I’m pleased to be represented in the mix with ten pieces of asemic visuals created last summer using a stash of junk I found on the street over the previous couple decades. You can check them out here.
The June 2021 issue of online Italian literary journal Utsanga (#28) was released yesterday. As always, it presents a broad range of text and visual works from the international avant garde literary scene, encompassing asemic scripts, visual poems, video works, art installations, criticism, and extended literary modes. I’m pleased to be represented with another installment of my “Xtro diary” series, featuring tape sampled images and asemic writing. You can check it out here.
Otoliths #61, the southern autumn 2021 issue, was released today. It’s jam packed as always with great text, visuals and hybrid works from writers and artists from around the world, reflecting the broad range of literary experimentation in the current era. I’m pleased to be included with nine pieces of visual poetry with asemic elements from a series that seems like diary excerpts from an extraterrestrial colony world. You can check them out here.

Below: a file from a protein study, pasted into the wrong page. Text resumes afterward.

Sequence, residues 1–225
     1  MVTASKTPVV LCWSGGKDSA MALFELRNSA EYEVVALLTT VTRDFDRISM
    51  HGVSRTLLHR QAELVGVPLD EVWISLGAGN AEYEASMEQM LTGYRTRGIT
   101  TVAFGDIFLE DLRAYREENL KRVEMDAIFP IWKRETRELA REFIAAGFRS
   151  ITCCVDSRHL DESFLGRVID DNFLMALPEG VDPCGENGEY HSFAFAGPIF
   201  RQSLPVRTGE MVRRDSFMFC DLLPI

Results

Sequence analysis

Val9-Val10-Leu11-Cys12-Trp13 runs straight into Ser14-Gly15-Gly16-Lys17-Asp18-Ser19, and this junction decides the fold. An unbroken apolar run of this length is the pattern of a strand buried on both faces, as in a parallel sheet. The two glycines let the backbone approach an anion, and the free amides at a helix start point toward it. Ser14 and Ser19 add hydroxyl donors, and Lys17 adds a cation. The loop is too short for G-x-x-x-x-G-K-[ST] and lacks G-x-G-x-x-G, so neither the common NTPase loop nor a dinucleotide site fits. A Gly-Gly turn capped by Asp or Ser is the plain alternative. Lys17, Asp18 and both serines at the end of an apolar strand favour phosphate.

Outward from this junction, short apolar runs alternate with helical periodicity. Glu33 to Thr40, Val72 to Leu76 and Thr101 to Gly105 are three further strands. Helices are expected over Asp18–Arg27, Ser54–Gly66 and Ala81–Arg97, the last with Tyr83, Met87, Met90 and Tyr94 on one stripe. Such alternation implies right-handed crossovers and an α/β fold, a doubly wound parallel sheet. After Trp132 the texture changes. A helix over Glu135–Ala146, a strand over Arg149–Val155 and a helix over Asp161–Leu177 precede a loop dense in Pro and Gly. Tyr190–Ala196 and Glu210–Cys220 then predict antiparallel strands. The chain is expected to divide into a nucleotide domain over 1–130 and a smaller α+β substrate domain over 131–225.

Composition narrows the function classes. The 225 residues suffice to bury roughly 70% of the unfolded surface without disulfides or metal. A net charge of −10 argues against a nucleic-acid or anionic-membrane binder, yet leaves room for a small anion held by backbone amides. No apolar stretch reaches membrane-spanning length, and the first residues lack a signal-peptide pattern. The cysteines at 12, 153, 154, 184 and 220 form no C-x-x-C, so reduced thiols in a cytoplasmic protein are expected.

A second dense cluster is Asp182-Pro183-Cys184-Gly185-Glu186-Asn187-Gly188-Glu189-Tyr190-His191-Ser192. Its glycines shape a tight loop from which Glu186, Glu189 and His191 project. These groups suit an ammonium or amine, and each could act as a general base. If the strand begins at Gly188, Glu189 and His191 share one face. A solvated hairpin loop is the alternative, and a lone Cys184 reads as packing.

Var (2x) is an online literary journal by the makers of X-Peri reserved for the most extreme literary experiments. I’m pleased to have (finally) made the cut with an excerpt from Floral Float Flume: Flue Flit Flip, a novel about AI units engaged in a series of marketplace transactions. This selection comprises about 18 pages, or the first four episodes out of ten. The whole story runs 70 manuscript pages.
The vocabulary of the piece is severely limited to words beginning with “fl-“. What you see is not a random selection of words but a precise narrative with specific meaning and syntax. Four letter words are operations; five letter words are objects. To start with, “Floral Float Flume” is the name of one of the transactional AI units, and “flue flit flip” translates as “enter offer profit,” a kind of “vini vidi vici” for transactional AIs.
If you dare, you can read the selection here.
Online “journal of new writing” Word for/Word is a great source for experimental text and visual work covering a wide range of styles and modes from contributors across the international avant garde. Wf/W issue #36 was just released for Winter 2021, to get the year off to a good start. I’m very pleased to be represented with five vispo works from my Xtro Diary series. These feature tape samplings and asemic calligraphy. You can check them out here.
X-Peri is an online blog dedicated to “high experimentalism”, which means this is always a challenging and fun read. I’m very pleased to be represented again with two text pieces, “Mermaid Gold” and “Plenty Magic,” plus an abstract glitch video still. The texts are part of a series of experiments involving an attempt to recreate the language of AI computers, these specifically using a vocabulary limited to American magical thinking. You can check them out here.